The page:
Tomcat 5.5 and above doesn’t need the JDK

Most of us who install Tomcat on our development machines wouldn’t have noticed that Tomcat versions before 5.5 required the full blown Java Development Kit (JDK) to be installed on the machine. Just installing the Java Runtime Environment (JRE) wasn’t enough. The JDK is meant for developers to be able to compile Java programs, and has the development tools such as the compiler, debugger and other development libraries. Tomcat versions prior to 5.5 used the Java compiler that comes with the JDK to compile JSP pages at runtime and consequently required a full blown JDK.

Tomcat versions 5.5 and above have a Java compiler (the Eclipse JDT Java compiler) packaged along with it. Now, this is used to compile the JSP pages dynamically instead of the JDK compiler. Hence, it is enough if we just install JRE starting from Tomcat version 5.5 and above.

Groovy: List Operations

Anybody who has programmed in Java for sometime would attest to how frustrated they could get while operating on the Collection API. Even simple operations demand unnecessary lines of code increasing the LOC and reducing expressiveness of the intended logic. Fortunately, Java has noticed the pain and has been adding utility classes to the Collections API to improve readability of the code since Java 5. Even better, there are a couple of libraries, Lambdaj and op4j, that implement the powerful Fluent interface that takes readability to the next higher plane.

Libraries and utilities are good for Java, but we are still bound by the constraints of the language itself. Isn’t it? That is where Groovy steps in. Groovy is in a totally different league when it comes to expressiveness of code. It was designed with the “Principle of least surprise” in mind. Best of all, Groovy source compiles to java byte-code thereby only adding a jar file as a dependency to your projects.

To whet your appetite, here are a few code snippets for list operations in Groovy that will make you smile…

Create lists in groovy: Keeping the literal notation the same, you can define different implementations of the collections framework

// Returns an ArrayList by default
def personalities = ["Steve", "Bill", "Larry"]

// Returns a LinkedList
def personalities = ["Steve", "Bill", "Larry"] as LinkedList

// Returns a String array
def personalities = ["Steve", "Bill", "Larry"] as String[]

Basic list operations: There are many more operations. But this gives you a feel for how easy it is to add, remove and retrieve elements off of the list

// Defines a list of strings
def personalities = ["Steve", "Bill", "Larry"]

// Retrieving an element
assert "Larry" == personalities[2]

// Retrieving a range of elements
assert ["Bill", "Larry"] == personalities [1..2]

// Adding an element
assert ["Steve","Bill","Larry","Scott"] == (personalities< <"Scott")

// Removing an element
assert ["Steve", "Bill", "Larry"] == (personalities -= ["Scott"])

Other cool operations: These are some operations that you typically don't find in Java. Correct usage of these operations will lead you towards strong and idiomatic Groovy programming.

// Transforming one list into another
assert [2,4,6] == [1,2,3].collect{ it*2 }

// Finding every element matching the closure
assert [1,3] == [1,2,3].findAll{ it % 2 == 1 }

// Print each element of the list
[1,2,3].each{ println it }

// Spread Dot operator operates on every element of the list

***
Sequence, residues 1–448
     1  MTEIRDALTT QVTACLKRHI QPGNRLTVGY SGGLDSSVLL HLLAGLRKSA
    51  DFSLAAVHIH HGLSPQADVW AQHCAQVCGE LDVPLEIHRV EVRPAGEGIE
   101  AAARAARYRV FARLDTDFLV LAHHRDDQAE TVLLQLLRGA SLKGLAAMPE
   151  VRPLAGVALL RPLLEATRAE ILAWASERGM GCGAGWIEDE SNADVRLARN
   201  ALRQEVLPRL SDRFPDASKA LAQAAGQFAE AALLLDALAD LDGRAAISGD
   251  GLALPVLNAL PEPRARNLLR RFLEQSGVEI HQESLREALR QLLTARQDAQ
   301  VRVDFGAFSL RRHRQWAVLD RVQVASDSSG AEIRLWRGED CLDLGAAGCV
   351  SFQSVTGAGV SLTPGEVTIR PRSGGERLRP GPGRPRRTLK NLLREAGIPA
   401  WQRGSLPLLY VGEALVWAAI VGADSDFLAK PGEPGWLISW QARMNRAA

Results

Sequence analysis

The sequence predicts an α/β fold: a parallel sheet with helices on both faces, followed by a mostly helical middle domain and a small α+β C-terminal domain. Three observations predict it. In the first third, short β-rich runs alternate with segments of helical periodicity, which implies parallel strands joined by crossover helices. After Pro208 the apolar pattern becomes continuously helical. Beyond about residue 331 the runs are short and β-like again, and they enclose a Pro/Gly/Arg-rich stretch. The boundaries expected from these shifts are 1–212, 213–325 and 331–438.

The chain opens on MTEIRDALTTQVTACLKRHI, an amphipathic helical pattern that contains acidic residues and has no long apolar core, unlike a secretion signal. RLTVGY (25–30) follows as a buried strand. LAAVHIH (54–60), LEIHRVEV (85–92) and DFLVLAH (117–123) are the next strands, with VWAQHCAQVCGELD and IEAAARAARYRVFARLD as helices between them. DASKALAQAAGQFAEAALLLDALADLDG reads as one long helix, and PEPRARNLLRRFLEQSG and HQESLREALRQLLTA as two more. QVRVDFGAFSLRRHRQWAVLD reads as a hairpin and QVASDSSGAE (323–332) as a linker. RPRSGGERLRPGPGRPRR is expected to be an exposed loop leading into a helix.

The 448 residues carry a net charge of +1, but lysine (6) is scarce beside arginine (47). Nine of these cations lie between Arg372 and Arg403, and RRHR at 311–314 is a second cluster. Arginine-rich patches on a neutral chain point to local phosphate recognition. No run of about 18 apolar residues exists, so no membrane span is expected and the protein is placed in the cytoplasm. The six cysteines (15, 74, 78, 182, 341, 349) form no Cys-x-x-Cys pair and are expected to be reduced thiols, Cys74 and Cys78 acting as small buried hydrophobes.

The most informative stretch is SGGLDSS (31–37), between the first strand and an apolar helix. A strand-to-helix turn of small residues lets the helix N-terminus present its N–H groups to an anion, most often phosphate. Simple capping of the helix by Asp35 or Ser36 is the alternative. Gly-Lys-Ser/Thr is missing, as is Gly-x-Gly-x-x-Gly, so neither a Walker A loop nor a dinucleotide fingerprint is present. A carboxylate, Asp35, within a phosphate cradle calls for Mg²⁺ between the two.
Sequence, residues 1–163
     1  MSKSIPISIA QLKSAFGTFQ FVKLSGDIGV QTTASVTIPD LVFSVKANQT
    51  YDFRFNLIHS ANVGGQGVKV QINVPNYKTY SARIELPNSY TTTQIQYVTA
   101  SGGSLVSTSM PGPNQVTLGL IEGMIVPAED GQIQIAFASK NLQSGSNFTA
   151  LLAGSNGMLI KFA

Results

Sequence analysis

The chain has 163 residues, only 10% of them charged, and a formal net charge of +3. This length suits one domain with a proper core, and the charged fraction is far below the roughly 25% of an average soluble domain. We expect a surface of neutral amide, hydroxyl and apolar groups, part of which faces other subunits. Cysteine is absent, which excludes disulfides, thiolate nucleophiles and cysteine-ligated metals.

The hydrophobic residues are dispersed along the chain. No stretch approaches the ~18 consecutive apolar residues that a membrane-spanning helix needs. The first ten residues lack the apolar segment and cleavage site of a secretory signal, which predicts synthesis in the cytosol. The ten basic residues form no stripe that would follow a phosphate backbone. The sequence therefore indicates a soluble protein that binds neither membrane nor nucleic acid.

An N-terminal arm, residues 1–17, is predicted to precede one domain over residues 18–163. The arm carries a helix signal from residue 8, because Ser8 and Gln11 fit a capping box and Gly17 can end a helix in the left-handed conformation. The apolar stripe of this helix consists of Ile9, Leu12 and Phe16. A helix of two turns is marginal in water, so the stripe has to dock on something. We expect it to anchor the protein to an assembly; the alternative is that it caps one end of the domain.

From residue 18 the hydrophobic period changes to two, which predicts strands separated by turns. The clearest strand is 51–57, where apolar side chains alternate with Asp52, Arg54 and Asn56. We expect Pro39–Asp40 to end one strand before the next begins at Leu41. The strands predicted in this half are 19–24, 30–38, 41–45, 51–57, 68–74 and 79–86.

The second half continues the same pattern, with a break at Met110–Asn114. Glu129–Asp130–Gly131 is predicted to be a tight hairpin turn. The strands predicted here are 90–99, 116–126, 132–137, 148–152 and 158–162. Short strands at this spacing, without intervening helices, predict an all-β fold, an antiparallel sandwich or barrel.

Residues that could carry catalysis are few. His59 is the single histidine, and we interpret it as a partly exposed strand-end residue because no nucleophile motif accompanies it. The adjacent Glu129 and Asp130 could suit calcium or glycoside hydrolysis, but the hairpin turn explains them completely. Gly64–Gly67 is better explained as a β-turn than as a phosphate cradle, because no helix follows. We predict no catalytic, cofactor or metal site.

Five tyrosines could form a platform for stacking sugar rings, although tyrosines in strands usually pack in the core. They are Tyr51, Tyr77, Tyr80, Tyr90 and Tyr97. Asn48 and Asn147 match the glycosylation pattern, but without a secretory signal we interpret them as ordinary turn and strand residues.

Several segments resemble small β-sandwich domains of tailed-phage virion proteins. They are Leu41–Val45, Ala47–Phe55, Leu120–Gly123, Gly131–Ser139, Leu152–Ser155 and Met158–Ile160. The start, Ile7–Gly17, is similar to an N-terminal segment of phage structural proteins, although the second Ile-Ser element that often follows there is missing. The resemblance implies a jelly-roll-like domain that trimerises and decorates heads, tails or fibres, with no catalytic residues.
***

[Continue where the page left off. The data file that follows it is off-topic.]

assert [1,2,3] == ["a", "bb", "ccc"]*.size()   

// Spread operator is used to pass a list as method parameters
def add(a, b, c) { return a+b+c }
assert 6 == add(*[1,2,3])

There are many many more features that support the Collections framework. To list it all is not the intention of this post, rather this post is intended to give a quick feel for how easy it is to write Groovy code when dealing with a Collection of objects.

Groovy: No-arg constructor is always there

Do you usually write a no-arg constructor for your Java classes? You don’t have to – unless you need to initialize something in that constructor. Behind the scenes, the Java compiler adds the no-arg constructor directly into the byte-code if none is provided. But when one or more overloaded constructors are provided for that class, the compiler doesn’t add the default no-arg constructor to the byte-code. This has been part of Java since the beginning.

Fast forward to today. I was doing some work with Groovy. All of a sudden, i realized that i forgot to add a no-arg constructor inspite of adding multiple constructors to a class and the code was still working without errors. That is when I found out that the Groovy compiler adds the no-arg constructor to the byte-code regardless of other overloaded constructors. I just thought I should share this learning with the world and hence this blog!

Does JRuby, Jython, Scala and other JVM languages do it too? Will have to check…

Don’t get me started on why i should use overloaded constructors when Groovy provides dynamic constructors out of the box. The short answer is “API Requirement” from the client.

Hibernate never stops surprising me

I have a simple form in my web application where a user can fill in his personal details and address details. User specific fields include firstName, middleName and lastName while Address specific fields include street, city and zip. On the server side, I have POJOs for User and Address. Finally I use Hibernate to map these POJOs to the database. Since, the Address will not be used outside the context of the User, I decided to map it as a Component of the User class.

The User class and its corresponding mapping is given below:

@Entity @Table(name = "user")
public class User {

     @Column(name = "first_name")
     private String firstName;
     @Column(name = "middle_name")
     private String middleName;
     @Column(name = "last_name")
     private String lastName;
     private Address homeAddress;

     ... Getters and Setters

The Address class is mapped to User as a component. You can see the specifics of the mapping below.

public class Address {
     @Column(name = "address_street")
     private String street;
     @Column(name = "address_city")
     private String city;
     @Column(name = "address_state")